In the yard of our first home in Larson, there were two large lilac bushes, one on each side of the front gate. We carved a little cave into the side of one. During the winters, snowbanks would form over the top of the bushes, completely hiding them. We would climb up the solidly-packed "hills" and sled down the other side. How those bushes must have taken a beating! In fact, they looked pretty scraggly and were bloom-less by the time we moved to our next house.

Because lilacs bloom weeks later in northern North Dakota, to me, they are inextricably entwined with Memorial Day and the sight of Old Glory. They are also entwined with memories of Vacation Bible School. We would pick heaps of blossoms at lunch time and they would add a heady scent to our afternoon lessons in the little white steepled church. I love how lilacs look against the weathered silvery gray of wooden houses that were once painted white.

Three years ago, my sister, my niece and I took a spin through Larson after we cleaned out our aunt's house in Crosby. I hadn't been back there for years. That first house had burned down a long time ago. The huge elm tree where I used to sit on a low-spreading limb and read for hours is gone. Overgrown prairie grasses hid the foundation. "The prairie has taken over," I bawled.

But there, on both sides of a path that leads to a front-door that is no longer there, were two huge, magnificent lilac bushes in full bloom. Left to their own devices, they came back stronger than ever. I picked as many blooms as I could, and the scent carried us home.
Lilacs last about a week. That's not very much when you have to wait a whole year for them. I am going to pull myself together this evening and - sick or not - walk around the corner to inhale the scent of a lilac. Some years, when there is a late frost, the lilacs don't bloom at all, and I mourn. This year, when they are so abundant, but are still gone so quickly, I am going to do a lot of inhaling while I can.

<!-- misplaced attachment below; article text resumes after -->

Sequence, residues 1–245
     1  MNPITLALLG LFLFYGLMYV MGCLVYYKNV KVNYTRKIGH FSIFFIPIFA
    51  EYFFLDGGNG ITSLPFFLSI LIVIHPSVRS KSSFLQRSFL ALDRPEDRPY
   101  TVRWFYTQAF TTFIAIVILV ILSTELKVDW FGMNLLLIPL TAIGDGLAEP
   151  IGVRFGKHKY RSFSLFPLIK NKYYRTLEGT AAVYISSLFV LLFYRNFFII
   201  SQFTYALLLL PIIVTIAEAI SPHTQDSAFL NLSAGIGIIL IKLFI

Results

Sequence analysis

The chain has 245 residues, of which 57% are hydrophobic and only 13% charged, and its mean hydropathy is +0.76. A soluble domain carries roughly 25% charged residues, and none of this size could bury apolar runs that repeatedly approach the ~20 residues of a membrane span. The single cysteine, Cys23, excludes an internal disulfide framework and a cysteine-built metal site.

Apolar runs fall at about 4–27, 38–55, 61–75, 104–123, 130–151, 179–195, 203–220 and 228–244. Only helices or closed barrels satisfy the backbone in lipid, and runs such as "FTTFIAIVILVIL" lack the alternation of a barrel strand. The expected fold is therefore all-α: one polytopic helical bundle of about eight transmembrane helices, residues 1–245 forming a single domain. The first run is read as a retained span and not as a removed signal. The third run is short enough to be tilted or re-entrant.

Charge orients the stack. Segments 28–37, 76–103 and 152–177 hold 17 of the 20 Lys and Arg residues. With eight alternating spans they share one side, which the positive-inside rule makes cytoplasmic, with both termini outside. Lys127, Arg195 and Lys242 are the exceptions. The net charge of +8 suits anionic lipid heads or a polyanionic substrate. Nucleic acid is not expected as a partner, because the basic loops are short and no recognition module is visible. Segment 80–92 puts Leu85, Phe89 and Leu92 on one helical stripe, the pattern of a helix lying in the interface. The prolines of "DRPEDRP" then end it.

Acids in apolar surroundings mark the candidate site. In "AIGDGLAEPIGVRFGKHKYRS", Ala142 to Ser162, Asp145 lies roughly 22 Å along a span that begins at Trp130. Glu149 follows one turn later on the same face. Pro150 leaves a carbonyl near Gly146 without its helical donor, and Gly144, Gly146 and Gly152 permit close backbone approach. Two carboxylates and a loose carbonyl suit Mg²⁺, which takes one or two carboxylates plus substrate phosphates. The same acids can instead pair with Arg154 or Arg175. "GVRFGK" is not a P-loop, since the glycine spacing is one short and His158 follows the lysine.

To read "Lilacs" in its entirety, click on:

(One can't have TOO many pictures of lilacs)


Lila Rostenberg said...

Those are so beautiful!
Especially the last photo of the sun flooding through them!
(You aren't having an allergic reaction to them and feeling bad from their perfumed air?!?)
Hope you are better soon!

Daisy Lupin said...

I adore Lilacs, we have a large lilac tree in the land behind our garden and it is in full blossom now, so beautiful. I hope you are feeling better soon.

Anonymous said...

So sorry to hear you're not feeling well. I hope that will pass very soon. I loved reading about your love of lilacs. My mother is absolutely nuts over lilacs and has been for as long as I can remember. The annual Lilac Festival in Rochester, New York, which is about 2 hours away from where I live, is starting this weekend. I haven't been there for many, many years. Me, I'm a pansy person :-)

Annie Jeffries said...

This was just all so touching and more than that, it makes me want to visit North Dakota!

Anonymous said...

Hi Julie Marie,

Stopping by to say I'm thinking of you and that I hope you are feeling better.